/ NEWS: Stanage for Sale?
Read more at http://www.ukclimbing.com/news/item.php?id=61783
First thoughts if it is true, is could we get together a cooperative of people willing to put some money into a fund?(I am not sure if the BMC would move quickly on this otherwise due to the management structure(not a criticism))
I read earlier that the upkeep was £60,000 pa.I would be willing to give £300 per annum to keep it in the right hands.199 other people of like mind would help with that figure.Of course it is not that straight forward,but I just thought I would bring up some ideas.
Also... ..not sure if the same as here in Scotland, but a community right to buy could be organised. Which gives the local interested community first dibs in any potential sale of the land, allowing 6months to organise funds.
On the one hand I'm quite happy if the National Trust will buy it. I'm a member and I know they'll do a good job managing it. They haave good links with the BMC and a clear vision for Eastern/Sheffield Moors.
But on the other hand the government knows this and is effectively plundering the assets of a charity so it can reduce spending on National Parks
Personally I'd rather donate to the NT voluntarily, than have the Government take the money from me by force and waste much of it on the usual bureaucracy before giving what's left to the NPA.
Oh God. Think of the car parking charge if the NT get their hands on it...
> Oh God. Think of the car parking charge if the NT get their hands on it...
A car park charge might be a positive way of keeping numbers of cars down. I wouldn't be adverse to a compulsory charge.
I most certainly would be averse to a cumpolsory charge. I've had my cars broken into several times in the Peak and I do not feel it's OK to pay for the 'privelege'. Car parking at Stanage is manageable generally, though this weekend may be the exception!
Anyway, who is the minister who should get grief from us about this?
Don't talk soft!
If they want to reduce spending on national parks, but maintain the status of the area, why not just hand it over to the national trust?
unless an organisation plans to make profit out of the area (which I'm not into) why would they buy it?
unless they are a charity, in which case, why doesnt the government just hand it over whoever can look after it best? (NT surely?)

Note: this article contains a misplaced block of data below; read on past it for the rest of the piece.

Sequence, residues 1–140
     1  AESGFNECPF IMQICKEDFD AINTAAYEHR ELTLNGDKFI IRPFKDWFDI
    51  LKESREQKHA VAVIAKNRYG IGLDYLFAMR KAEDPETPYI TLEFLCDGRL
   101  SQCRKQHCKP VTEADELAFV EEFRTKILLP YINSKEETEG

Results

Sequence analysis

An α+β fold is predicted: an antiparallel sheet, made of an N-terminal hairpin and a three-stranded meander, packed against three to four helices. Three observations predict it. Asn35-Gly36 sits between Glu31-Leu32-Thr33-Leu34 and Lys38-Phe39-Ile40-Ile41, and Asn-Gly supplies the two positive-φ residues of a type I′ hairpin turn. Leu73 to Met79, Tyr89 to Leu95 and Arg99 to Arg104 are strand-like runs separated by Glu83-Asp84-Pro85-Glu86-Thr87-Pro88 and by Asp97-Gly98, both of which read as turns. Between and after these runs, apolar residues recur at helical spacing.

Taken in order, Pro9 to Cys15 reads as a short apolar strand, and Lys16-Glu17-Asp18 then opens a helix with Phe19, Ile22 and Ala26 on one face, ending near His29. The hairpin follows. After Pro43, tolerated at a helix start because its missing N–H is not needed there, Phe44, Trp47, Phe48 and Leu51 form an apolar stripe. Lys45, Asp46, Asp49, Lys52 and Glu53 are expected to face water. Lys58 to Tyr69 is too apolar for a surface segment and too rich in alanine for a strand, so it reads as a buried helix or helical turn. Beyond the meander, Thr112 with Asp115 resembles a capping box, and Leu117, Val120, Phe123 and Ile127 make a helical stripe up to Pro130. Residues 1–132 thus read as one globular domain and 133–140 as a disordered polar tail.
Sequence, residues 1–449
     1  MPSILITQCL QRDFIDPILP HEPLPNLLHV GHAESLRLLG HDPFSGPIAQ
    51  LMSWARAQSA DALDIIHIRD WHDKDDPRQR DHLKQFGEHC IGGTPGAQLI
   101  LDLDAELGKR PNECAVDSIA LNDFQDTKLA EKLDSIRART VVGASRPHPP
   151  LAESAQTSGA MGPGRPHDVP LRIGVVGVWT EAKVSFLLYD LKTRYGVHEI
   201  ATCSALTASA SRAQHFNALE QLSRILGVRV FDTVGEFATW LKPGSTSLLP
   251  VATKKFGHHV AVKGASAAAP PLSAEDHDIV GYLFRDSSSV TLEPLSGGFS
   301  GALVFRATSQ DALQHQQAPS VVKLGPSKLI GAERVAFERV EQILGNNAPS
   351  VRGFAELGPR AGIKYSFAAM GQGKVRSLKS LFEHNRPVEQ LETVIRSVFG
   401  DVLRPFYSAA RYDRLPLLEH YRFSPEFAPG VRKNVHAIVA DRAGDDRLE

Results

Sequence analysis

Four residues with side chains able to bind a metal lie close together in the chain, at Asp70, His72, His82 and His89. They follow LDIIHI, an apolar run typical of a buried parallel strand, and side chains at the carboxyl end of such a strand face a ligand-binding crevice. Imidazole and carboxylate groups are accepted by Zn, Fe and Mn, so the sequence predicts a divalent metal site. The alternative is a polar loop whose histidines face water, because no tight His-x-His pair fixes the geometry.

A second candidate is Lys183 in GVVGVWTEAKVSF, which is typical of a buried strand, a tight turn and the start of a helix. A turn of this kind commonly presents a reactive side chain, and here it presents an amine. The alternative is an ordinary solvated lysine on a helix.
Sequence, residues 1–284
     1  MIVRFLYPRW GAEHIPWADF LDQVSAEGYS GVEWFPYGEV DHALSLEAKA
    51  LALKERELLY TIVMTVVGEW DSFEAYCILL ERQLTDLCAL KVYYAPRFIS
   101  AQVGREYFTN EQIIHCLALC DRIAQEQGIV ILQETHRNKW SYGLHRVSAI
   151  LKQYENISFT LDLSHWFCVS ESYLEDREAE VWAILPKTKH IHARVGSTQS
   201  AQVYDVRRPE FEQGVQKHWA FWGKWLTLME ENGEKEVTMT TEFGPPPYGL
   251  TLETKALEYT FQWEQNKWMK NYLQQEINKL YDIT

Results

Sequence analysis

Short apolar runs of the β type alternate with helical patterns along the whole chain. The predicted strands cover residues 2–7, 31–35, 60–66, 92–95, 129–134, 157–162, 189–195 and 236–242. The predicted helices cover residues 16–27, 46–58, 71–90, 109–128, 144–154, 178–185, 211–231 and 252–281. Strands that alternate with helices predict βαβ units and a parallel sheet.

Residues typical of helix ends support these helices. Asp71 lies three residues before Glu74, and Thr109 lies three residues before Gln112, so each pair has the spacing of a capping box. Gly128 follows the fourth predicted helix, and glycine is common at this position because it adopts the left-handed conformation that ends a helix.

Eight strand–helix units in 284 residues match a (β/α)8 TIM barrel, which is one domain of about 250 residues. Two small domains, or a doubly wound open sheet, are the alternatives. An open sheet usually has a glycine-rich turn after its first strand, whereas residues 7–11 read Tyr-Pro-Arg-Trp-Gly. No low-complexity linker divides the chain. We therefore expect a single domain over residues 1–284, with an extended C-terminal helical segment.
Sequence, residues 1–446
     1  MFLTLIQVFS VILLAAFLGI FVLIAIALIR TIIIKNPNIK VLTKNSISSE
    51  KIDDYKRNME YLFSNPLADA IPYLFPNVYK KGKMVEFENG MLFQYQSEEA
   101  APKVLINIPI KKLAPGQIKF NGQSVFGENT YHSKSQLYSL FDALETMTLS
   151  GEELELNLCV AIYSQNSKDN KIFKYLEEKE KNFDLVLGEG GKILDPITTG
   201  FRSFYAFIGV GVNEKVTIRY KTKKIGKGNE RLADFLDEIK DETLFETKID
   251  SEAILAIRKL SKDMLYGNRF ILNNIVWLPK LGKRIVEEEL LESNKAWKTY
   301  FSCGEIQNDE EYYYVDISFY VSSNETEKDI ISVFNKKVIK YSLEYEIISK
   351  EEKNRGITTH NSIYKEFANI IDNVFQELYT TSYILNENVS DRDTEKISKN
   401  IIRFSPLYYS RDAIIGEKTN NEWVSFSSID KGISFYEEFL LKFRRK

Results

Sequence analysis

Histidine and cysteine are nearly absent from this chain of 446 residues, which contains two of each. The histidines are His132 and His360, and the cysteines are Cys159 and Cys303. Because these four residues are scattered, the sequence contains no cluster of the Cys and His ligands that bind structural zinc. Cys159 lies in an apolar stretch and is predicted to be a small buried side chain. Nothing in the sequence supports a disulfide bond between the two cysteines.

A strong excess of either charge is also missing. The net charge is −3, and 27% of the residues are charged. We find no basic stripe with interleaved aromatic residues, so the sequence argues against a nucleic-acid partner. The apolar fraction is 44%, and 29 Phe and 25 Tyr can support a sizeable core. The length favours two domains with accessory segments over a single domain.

Glad to live in Scotland where the wild land is shared by all.
I thik Dan is suggesting that a lot of the upland in Scotland is owned by big estates, which in turn are often owned by non-resident 'toff' landowners or foreign investors...
England (and Wales) upland areas tend to be more owned as part of farms, trusts, or by other bodies. Big areas are owned by estates, but not to the same acreage as in Scotland.
He's not saying either of those things. All he's saying is that for all the benefits of Scotland's access laws compared with those in England, most of the land in Scotland is still owned by old landed families who have owned estates for aeons, or by wealthy individuals, some of whom happen to be foreigners, such as Mohammed el Fayed, and the Tetrapak family.
He's not saying anything about land ownership in England, or about land owners' attitudes to access in England.
My thoughts exactly, it is in effect a privatistion of Nat Parks. Central gov have seen chartites buy land and are cashing in on it.
Potential buyers could be Nat trust (OK) BMC (good but probably too costly for them) RSPB (could be really bad)
My cynical side thinks that this like the forestry sell off is a smoke screen gesture, a loss loser, to divert the electorate away from the most invidious of policies that will be snook in behind the public outrage.
Hi Dan, yes, you are right. It is the access legislation, not the ownership, which makes Scotland special. I remember living in Preston where the Trough of Bowland was a no go area because the Duke of Westminster was allowed to put 'no trespassing' signs up. This is one of the reasons why I moved to Scotland and I haven't regretted it. Henning
Presumably if the leand is ever sold it will not affect access rights, and the new owners/leaseholders won't be all that interested in the edges when the "money" in the land will be in shooting on the moor.
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